Application for Bovine Spongiform Encephalopathy Negligible Risk
The Scottish Government submitted an application to the World Organisation for Animal Health (OIE) in 2016 for BSE Negligible Risk status. The OIE’s Scientific Commission has now recommended that Scotland be recognised as an area of the UK having Negligible Risk status, and its recommendation will now be considered by the OIE General Assembly of Delegates at its meeting in late May 2017. A country can apply for Negligible Risk status if it has had no cases in animals in the preceding 11 years and must demonstrate high levels of disease control.
Scotland currently has Controlled Risk status, as does the rest of the UK.
The move to NR status will help enhance Scotland’s global reputation for high health status and may facilitate access to new markets across the world for Scottish premium exports.
Background on BSE
Bovine Spongiform Encephalopathy (BSE) is a comparatively new disease of cattle. It was first recognised and defined in the United Kingdom in November 1986 and was made a notifiable disease in June 1988. Over the next few years the epidemic grew considerably and peaked in the UK in 1992 at over 37,000 cases. There have been over 183,000 cases to date.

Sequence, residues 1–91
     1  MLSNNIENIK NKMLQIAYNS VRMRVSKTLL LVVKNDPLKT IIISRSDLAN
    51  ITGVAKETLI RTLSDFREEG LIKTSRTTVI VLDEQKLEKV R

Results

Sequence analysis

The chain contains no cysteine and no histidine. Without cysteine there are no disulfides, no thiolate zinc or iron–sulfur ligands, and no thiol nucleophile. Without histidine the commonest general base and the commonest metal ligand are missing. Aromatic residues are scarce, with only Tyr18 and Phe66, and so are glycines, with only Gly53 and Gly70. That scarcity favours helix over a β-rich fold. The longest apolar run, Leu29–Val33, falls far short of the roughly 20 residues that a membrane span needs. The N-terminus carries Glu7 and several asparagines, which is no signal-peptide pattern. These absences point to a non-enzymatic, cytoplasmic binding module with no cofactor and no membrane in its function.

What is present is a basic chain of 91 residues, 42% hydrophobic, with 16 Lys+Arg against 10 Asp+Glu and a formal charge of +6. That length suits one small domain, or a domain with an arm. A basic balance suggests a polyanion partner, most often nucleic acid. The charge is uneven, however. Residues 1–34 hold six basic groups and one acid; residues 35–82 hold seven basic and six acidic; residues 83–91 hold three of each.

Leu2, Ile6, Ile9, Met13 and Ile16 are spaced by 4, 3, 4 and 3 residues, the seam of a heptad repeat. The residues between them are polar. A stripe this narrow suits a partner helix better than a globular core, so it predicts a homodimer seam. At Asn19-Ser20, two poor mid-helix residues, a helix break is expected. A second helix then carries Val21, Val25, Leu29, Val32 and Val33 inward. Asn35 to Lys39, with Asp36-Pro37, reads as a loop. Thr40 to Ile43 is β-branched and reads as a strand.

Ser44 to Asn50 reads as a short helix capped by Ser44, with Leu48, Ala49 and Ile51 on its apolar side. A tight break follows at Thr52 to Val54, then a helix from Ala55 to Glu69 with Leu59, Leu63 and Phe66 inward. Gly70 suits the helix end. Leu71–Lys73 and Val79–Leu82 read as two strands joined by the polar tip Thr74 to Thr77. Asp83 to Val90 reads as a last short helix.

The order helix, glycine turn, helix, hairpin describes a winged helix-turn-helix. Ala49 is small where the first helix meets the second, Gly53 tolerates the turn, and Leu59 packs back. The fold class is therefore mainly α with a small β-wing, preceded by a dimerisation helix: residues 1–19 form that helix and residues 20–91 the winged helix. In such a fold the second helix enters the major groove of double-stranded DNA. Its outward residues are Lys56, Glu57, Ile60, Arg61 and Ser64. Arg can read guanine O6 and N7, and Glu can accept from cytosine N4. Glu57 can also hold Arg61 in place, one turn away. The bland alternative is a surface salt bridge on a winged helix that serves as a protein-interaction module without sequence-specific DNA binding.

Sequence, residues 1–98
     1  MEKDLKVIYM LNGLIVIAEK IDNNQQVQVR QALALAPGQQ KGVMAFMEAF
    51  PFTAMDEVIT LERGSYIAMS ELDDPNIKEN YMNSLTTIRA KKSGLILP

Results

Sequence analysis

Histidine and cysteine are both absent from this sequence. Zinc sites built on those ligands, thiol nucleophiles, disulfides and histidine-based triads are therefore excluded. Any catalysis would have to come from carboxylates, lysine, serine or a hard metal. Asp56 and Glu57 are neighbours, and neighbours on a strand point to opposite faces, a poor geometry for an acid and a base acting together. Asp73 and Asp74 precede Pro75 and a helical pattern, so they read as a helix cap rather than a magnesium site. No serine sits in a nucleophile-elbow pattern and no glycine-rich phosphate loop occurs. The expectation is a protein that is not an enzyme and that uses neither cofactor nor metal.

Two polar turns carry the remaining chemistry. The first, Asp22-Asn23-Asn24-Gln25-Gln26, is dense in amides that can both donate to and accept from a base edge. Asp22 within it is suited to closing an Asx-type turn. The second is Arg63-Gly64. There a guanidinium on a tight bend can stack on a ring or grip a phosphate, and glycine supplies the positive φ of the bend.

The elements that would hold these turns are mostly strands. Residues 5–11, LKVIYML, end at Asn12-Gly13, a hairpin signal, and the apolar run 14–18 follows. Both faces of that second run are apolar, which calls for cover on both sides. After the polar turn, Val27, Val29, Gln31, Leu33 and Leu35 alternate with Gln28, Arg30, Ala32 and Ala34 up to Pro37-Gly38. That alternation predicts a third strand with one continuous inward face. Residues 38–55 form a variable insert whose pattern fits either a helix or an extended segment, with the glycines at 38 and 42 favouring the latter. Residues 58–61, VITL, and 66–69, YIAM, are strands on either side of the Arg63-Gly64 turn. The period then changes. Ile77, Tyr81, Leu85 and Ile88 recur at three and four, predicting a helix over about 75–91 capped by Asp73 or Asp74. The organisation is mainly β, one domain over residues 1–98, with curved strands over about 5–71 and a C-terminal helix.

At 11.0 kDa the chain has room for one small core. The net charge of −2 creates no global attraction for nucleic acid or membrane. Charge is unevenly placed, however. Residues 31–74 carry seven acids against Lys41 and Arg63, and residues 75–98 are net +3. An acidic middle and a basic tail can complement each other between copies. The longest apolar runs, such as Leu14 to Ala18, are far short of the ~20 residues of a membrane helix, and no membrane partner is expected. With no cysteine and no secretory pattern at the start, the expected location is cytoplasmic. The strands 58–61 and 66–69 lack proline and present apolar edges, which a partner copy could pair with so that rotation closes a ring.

BSE occurs in adult animals in both sexes, typically in four and five year olds. It is a neurological disease involving pronounce changes in mental state, abnormalities of posture and movement and of sensation. The clinical disease usually lasts for several weeks and it is characterisically progressive and fatal.
Current Situation in Scotland
Scotland has been BSE free since 2009. In the years before that, there were relatively low numbers of BSE cases compared to the peak of the epidemic in the early 1990s. The marked decrease in the number of cases detected through passive surveillance is consitent with the long tail previously predicted by epidemiologists. An active BSE surveillance programme started in July 2001 and absolute numbers rose at this point, but since decreased.